Paolo Sorrentino wants you to love Fellini and homages to Fellini and does not give a stronzo di topo if you don’t like him. (It’s a point of pride with a large number of film critics to consider his work wheezing folly.) With toppling confidence, and an unstoppably lapidary style, candied, swooning, “Youth” follows “8 ½” as surely as his Oscar-winning “The Great Beauty” followed “La Dolce Vita.” In a mountain spa in the Swiss Alps, a purgatory of privilege, two friends meet on vacation. Fred (Michael Caine) is a celebrated composer at the end of his career, and his friend Mick (Harvey Keitel) a filmmaker in the same lifeboat, of the lucky and self-regarding. Fred’s daughter (Rachel Weisz) and a wispy-bearded young actor (Paul Dano) are along for the glide. Fred turns his back on performing his most famous composition for the Queen of England, while Mick is scrivening away at what he hopes to be his capstone statement on humanity. They sit around the pool. The camera tracks and glides. Still, gentle clouds grip nearby mountains. Notes on life are compared, figures seem as much from dreams recollected as from what’s truly in front of them (and us). Calmer, “Youth” doesn’t assert a magnitude of weariness like “The Great Beauty,” nor the engaging lunacy of Sorrentino’s Sean Penn-starring “Robert Smith, Nazi Hunter,” 2011’s “This Must Be The Place.” But the English-language dialogue hopes to capture lassitude, longing, lyrical recollection. The camera tracks and glides. Jane Fonda’s brief moment on screen is fiery goodness. Widescreen. 123m. (Ray Pride)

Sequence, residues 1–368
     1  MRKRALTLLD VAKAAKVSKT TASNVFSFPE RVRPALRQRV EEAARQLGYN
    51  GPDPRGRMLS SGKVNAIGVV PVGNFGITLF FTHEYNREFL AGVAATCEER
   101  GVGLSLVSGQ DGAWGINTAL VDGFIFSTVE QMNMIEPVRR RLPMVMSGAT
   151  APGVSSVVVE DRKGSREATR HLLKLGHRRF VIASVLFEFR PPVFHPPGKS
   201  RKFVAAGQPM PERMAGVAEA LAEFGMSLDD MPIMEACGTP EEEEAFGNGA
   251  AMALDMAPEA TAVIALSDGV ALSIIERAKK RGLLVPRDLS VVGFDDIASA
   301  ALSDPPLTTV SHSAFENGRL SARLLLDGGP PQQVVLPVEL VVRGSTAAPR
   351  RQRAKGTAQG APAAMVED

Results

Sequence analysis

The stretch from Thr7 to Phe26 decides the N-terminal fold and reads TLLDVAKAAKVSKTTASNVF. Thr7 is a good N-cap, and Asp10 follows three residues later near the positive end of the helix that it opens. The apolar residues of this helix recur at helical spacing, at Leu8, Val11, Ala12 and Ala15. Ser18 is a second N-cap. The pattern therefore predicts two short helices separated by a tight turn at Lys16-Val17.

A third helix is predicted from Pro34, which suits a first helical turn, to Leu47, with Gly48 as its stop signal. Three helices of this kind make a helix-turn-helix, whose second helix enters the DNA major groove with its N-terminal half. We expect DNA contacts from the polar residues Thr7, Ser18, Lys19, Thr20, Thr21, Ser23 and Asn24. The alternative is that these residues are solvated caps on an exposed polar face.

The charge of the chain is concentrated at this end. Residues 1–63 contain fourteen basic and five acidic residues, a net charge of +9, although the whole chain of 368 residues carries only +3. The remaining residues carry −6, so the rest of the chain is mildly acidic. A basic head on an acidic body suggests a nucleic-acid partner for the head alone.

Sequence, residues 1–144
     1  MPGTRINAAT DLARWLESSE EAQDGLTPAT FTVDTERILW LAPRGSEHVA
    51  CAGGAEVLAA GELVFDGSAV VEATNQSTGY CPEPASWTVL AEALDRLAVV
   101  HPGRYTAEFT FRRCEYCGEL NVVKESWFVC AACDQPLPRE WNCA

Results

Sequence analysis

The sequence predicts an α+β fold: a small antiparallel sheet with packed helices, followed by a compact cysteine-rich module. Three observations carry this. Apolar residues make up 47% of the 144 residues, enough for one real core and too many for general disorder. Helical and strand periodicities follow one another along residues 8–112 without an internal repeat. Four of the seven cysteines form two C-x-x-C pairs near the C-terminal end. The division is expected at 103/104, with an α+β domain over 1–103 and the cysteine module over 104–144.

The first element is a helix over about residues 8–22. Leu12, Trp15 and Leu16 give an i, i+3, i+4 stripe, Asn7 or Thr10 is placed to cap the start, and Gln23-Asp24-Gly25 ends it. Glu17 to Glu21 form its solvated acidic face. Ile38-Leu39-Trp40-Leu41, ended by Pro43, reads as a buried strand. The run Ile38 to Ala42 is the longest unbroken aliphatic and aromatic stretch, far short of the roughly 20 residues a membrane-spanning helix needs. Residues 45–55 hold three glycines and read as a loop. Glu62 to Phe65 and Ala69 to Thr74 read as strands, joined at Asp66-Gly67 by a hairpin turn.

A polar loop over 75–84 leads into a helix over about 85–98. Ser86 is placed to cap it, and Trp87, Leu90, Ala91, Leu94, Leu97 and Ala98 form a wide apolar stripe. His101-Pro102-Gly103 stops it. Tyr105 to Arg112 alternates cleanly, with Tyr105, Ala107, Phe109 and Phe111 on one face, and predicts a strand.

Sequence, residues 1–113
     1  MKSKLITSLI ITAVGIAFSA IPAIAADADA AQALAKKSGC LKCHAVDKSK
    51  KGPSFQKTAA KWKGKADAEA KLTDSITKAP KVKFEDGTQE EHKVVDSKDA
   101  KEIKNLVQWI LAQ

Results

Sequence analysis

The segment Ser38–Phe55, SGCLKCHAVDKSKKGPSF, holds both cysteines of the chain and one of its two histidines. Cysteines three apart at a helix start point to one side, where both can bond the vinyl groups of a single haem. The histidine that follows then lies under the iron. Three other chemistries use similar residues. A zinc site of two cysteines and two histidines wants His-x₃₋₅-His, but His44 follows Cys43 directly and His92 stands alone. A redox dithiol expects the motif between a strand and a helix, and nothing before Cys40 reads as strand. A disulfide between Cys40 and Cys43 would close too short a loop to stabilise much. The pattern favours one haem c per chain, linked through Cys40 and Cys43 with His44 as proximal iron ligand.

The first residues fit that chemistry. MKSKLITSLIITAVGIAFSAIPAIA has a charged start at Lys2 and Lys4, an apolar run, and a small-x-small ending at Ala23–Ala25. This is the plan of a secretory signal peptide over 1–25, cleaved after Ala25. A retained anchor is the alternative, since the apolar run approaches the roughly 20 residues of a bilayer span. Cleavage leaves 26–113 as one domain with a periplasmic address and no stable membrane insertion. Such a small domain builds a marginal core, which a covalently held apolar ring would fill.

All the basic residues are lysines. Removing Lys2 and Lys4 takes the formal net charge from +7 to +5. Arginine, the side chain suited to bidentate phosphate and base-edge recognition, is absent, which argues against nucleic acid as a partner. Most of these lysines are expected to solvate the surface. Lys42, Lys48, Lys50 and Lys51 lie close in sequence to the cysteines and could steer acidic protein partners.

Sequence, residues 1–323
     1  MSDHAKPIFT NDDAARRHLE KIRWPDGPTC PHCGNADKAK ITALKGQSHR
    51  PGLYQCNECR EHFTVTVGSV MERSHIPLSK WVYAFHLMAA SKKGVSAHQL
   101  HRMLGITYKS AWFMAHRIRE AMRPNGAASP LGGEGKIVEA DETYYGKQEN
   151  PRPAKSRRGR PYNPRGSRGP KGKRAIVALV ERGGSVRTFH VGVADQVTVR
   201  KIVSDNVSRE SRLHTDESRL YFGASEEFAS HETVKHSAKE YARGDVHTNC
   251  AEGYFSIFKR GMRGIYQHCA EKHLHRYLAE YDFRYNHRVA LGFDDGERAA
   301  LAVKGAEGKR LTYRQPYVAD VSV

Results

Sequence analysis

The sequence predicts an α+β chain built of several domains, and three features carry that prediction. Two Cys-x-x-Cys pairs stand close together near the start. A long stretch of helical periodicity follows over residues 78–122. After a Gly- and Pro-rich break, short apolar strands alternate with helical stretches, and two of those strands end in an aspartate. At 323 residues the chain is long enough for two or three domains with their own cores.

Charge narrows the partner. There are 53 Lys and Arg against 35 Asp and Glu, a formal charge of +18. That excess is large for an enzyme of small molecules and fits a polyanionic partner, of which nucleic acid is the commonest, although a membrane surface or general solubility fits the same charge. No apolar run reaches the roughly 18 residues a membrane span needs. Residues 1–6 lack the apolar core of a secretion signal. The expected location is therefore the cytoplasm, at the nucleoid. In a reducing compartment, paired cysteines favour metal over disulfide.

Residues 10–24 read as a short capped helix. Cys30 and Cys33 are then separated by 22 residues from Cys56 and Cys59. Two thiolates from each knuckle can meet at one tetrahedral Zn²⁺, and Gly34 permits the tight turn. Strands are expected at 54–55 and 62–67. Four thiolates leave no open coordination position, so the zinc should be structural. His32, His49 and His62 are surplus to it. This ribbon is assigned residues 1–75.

“Youth” opens Friday, December 18.
Ray Pride is Newcity’s film critic and a contributing editor to Filmmaker magazine.
His multimedia history of Chicago “Ghost Signs” will be published later this year.